How to Save an Overwatered Succulent

How to Save an Overwatered Succulent? a Practical Guide

Succulents, the marvelous plants with their thick fleshy leaves of various colors are heart warmers where ever we see them. You may be a fan of regular flowering plants, but then also when you see that succulent section in the garden nurseries they just pull you towards them.

There are many varieties of succulents some with rosette leaves, some with no leaf-like structure but fleshy round or elongated green growth. They can be of varying shapes, sizes, and colors. So now you decided to take a few or one home. The plant looks healthy and growing well. You take good care of the plant-like your other plants. 

We have placed it in the succulent mix, watered it and provided adequate light, but after a few days or months, you start to notice that the plant leaves are dropping one by one. Now we go into a panic mode we are not sure what we are doing wrong we try everything but the leaves just keep falling off and finally the succulent dies. 

This problem might be due to rotting, rotting can occur in roots, stem or leaves. The main reason for rotting is a fungal or bacterial attack which can be due to overwatering, waterlogging, etc.

In this topic, we will see how we how to save an overwatered succulent.

Identifying an overwatered succulent

how to save an overwatered succulent

Now how can you identify if the succulent has been overwatered or whether the reason that your succulent look limply with leaves falling off is due to overwatering or under watering or any other reason? If you have been watering your succulent on a regular basis and you start to notice the below-mentioned symptoms on your succulents then this might be a case of overwatering. A healthy succulent plant would have plump, fleshy leaves that are firm to touch and not mushy.

  • The plant looks very sick in appearance
  • Discoloration of leaves – light or translucent leaves 
  • Leaves feel soft and mushy to touch
  • Leaves fall off very easily with a slight touch
  • The stem might have slight discoloration like brown or black spot

These are some of the points that you need to keep an eye on in case of overwatered succulent.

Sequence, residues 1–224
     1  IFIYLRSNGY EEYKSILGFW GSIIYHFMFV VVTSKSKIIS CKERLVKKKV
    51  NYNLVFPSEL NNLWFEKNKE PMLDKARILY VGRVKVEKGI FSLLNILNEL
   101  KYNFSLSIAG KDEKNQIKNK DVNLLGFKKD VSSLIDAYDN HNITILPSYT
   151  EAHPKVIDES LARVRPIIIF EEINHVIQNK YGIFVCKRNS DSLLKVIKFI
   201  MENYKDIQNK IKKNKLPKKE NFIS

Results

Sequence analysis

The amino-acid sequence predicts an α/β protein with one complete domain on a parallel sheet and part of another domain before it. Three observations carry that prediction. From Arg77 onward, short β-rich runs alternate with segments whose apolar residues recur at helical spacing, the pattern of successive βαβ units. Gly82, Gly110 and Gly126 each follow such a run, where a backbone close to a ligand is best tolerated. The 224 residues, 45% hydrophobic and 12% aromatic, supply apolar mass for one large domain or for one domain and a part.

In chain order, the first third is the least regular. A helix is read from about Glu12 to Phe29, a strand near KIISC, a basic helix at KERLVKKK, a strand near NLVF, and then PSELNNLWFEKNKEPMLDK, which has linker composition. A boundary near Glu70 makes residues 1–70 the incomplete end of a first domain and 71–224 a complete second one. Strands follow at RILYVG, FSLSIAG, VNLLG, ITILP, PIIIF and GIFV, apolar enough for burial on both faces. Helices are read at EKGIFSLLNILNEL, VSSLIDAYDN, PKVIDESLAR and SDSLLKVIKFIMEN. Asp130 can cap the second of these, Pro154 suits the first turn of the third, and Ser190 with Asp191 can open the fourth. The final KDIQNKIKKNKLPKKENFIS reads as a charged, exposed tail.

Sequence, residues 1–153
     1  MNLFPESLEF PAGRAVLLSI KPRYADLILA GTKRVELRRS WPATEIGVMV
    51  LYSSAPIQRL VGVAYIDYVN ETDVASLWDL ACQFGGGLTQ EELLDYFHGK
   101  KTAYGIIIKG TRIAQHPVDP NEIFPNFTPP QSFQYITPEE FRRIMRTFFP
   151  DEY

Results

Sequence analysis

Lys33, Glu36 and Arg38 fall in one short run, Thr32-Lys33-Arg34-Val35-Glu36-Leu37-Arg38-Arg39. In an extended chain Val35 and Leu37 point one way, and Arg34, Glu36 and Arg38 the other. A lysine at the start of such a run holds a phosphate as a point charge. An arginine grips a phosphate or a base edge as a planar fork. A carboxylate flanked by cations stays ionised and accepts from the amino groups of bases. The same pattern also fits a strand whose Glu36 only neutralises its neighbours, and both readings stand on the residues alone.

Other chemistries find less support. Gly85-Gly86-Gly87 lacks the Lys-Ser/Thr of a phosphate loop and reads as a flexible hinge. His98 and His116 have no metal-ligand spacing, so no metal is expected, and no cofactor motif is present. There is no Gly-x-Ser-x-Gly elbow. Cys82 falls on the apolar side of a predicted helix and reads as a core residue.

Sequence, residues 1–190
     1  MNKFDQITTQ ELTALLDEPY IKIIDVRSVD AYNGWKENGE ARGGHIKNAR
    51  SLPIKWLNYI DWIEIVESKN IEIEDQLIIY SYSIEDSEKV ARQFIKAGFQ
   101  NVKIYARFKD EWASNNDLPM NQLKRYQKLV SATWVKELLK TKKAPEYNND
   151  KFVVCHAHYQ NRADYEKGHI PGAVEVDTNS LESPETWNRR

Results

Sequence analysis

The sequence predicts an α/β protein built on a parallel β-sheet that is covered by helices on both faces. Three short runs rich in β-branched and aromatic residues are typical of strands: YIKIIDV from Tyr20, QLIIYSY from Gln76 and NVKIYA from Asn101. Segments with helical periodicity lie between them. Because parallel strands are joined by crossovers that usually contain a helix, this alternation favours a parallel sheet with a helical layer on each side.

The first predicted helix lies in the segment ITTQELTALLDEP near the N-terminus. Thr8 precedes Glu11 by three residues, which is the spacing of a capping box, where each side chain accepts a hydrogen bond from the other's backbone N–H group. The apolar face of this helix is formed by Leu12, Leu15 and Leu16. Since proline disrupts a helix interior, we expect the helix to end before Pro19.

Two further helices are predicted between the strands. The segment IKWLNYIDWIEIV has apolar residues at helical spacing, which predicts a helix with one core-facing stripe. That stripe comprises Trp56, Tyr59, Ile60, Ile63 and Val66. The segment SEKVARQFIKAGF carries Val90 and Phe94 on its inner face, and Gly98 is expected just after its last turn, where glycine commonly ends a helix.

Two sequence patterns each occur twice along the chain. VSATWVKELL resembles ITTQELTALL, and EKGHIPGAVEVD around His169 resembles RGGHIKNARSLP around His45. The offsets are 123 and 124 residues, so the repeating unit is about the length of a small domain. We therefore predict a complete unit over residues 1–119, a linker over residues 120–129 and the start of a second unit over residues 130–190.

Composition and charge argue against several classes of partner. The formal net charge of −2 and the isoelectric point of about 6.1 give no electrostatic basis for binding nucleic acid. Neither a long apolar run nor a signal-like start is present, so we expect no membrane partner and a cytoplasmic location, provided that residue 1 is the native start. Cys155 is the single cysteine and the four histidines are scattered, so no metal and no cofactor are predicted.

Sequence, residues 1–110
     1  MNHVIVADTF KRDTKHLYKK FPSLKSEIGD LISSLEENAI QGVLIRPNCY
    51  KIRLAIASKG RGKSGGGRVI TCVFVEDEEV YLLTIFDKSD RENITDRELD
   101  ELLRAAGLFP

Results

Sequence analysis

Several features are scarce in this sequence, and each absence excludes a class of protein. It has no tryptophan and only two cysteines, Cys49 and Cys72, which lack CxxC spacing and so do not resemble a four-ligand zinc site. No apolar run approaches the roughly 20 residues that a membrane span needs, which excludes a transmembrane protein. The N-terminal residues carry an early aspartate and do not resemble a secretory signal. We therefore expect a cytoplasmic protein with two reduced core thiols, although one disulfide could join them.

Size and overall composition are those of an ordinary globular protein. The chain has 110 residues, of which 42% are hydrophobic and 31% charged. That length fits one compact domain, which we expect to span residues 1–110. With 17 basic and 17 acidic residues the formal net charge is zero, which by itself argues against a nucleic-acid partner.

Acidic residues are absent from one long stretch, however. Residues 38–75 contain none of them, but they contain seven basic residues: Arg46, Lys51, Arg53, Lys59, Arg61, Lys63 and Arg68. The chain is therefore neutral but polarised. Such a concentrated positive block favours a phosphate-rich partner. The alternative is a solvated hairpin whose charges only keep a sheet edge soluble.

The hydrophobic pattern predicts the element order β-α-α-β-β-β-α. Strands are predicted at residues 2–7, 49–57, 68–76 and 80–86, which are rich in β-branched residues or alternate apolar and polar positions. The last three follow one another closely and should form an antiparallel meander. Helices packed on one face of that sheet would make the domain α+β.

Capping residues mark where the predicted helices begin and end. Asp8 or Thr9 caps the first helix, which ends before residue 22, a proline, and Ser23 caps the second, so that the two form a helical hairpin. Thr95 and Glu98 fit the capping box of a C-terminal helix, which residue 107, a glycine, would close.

The discoloration and squishy leaves occur because the leaves take up extra water and store the excess water in storage cells. This causes the water to run through the leaf which causes a discoloration of the leaf and as the leaf begins to rot the leaves feel squishy. 

The discolored leaf can finally turn black as it starts to rot from the inside, this indicates that the plant is rotting or has caught a fungal disease due to excess water intake.

Overwatered plant leaves also drop off very easily as the leaves swell up with water.

Types of rotting

Mainly three types of rotting can occur in succulents

how to save an overwatered succulent

Leaf rot – here the leaves take up too much water and start to get infected with the fungus causing it to rot. The succulent can be saved if we follow a few steps.

Stem rot – black spot or coloration occur from inside the stem 

Root rot – with root rot the root gets damaged and there will be root loss. Half of the root can be destroyed due to this causing the plant to shrivel up as water and nutrient intake is stopped. In this case, the leaves look like the plant is under-watered but the issue is overwatering.


The diagnosis of succulent is necessary to identify what type of rotting occurred on the succulent. For this, we may have to dig up the succulent, don’t worry the succulents can survive even repotting after digging it up. If the root looks fine and there is no damage then there is no root rot issue. It might be due to stem rot which might be occurring just below the soil. After the diagnosis and accessing how much damage the succulent is in, we can start the treatment of the succulent. Succulents can survive most of the rot if diagnosed early and cared for.